Patience is integral to relationships, but at the same time, you should be able to see clear growth and forward progress. Do you find that you and your partner have the same fight, time and time again? Do they promise to change, but never follow-through? If the answer is yes, you may be expending more energy than the relationship is worth.

Toxic Personality #6: Envious people

Unfortunately, sometimes the people closest to us secretly want to see us fall. When we let our own light shine, it may threaten people who are struggling with their own insecurities. They don’t understand that the Universe is abundant and that there is enough joy, love, and success to go around, and so they take your thriving as a threat to their own possibility for happiness. The purpose of any relationship is to be able to lean on one another for encouragement and support. If you feel envy or jealousy coming from your partner, that’s not a safe space for growth or progress.

Toxic Personality #7: People with a victim-mentality

Some people grow very attached to the victim-mentality, which is essentially the notion that life is against them, they are cursed, damned, or permanently damaged in some way. Even when life deals you a bad hand, it is critical to be able to cling to hope, and channel that energy in a positive direction. If you find yourself attached to someone who is unready to let go of their victim-mentality, sadly, they may only be a detriment to your own forward progress. You cannot force someone to stand up or demand better for themselves, so the best thing to do may be to part ways and wish them continued strength in their individual journey.

Toxic Personality #8: Closed-Minded people

Finally, there are people who are simply unwilling to be flexible in their perception or navigation of the world. They adhere closely to their own ideas, even when they’re not necessarily the healthiest or most effective. Close-minded people will reject your attempts to offer support, guidance, or suggestions because their ego is on a constant mission to protect itself, and it will defend that inflated sense of superiority fiercely and bitterly. With close-minded people, it is impossible to reach a point of compromise, and the best thing to do is to move on.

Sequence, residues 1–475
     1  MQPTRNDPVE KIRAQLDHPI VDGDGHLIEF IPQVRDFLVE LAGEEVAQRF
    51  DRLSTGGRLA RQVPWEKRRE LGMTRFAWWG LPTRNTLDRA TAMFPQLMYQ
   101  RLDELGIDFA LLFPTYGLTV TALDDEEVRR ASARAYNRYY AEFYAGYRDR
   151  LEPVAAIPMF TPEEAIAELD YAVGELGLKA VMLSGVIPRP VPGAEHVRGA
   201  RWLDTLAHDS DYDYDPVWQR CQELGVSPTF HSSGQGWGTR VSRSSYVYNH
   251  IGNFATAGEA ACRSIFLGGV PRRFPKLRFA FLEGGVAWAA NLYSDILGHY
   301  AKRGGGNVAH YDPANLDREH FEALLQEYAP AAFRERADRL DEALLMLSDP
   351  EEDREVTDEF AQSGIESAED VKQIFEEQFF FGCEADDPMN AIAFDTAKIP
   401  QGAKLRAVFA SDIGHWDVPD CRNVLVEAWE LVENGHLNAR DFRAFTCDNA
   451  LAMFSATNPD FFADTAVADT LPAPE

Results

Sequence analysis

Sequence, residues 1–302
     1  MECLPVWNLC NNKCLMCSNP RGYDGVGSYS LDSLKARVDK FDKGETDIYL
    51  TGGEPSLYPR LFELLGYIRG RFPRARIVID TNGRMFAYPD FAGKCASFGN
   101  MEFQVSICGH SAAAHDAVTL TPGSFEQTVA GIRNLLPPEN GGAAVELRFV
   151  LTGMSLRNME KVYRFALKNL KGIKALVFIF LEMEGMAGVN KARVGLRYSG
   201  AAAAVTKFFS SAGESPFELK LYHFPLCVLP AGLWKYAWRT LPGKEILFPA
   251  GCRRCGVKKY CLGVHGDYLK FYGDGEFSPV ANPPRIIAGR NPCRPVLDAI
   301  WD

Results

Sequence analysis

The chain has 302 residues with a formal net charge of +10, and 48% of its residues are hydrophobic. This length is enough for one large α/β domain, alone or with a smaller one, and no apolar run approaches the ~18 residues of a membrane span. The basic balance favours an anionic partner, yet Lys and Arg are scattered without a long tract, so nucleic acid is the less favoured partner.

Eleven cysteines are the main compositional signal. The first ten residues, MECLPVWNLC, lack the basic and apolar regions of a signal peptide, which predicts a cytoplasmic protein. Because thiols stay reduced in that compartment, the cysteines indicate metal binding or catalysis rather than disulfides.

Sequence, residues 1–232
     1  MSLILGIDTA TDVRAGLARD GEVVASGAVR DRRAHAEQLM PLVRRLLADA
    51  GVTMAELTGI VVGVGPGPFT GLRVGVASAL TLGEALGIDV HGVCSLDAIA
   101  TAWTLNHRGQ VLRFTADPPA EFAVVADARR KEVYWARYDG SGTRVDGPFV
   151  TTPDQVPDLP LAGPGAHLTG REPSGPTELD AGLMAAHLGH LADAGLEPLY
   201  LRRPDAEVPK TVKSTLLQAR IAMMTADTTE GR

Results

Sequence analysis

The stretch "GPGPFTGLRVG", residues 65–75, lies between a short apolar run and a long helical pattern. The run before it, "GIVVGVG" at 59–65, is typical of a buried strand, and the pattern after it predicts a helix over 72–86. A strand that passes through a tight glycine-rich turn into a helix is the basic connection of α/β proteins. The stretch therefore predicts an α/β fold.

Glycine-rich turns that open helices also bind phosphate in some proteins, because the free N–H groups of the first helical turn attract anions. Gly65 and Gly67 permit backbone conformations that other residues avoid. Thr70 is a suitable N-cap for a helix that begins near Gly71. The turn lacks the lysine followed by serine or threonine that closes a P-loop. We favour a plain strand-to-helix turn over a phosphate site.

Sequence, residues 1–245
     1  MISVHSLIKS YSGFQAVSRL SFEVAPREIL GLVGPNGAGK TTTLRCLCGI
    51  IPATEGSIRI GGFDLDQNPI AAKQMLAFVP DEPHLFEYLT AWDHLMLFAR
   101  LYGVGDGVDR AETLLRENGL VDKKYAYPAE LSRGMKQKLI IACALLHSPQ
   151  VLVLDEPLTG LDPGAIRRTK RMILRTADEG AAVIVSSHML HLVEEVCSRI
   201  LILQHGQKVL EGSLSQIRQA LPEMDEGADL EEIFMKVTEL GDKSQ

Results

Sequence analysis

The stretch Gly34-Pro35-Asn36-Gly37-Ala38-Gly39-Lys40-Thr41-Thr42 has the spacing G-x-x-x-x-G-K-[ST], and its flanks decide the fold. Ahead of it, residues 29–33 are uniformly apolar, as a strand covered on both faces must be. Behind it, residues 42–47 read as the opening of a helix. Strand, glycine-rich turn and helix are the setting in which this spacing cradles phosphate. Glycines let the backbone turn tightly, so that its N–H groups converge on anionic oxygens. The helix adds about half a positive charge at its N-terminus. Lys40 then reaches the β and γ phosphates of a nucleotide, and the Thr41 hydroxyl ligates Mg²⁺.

Just because someone exhibits toxic behavior, it doesn’t mean they are a bad person. It does, however, mean that they are not vibrating at a high enough frequency to contribute to your life and happiness in any sustainable way. Leaving people behind may hurt deeply at first, but in the long run, learning to let go of toxic relationships is the healthiest move you can make for yourself.

Remember, you are allowed to leave when relationships no longer feel healthy.  


Dr. Logan Jones is a counselor in Manhattan. He provides therapy for anxiety, depression, and trauma, as well as performance coaching to help people feel more confident and self-assured. If you are struggling with intimacy issues in your interpersonal relationships, contact Dr. Logan Jones today for a complimentary consultation.

Follow Dr. Logan Jones on Instagram: @drloganjones

Dr. Logan Jones is a psychologist in New York City. He utilizes a combination of cognitive-behavioral therapy (CBT) and insight-oriented psychodynamic therapy. His approach helps New Yorkers relieve symptoms and gain new insight.

No matter what you’re going through, whether depression, anxiety, or PTSD, there is hope. If you are looking for therapy in NYC his psychotherapy practice is located in central Manhattan near Flatiron, West Village, NoMad Chelsea, or Union Square.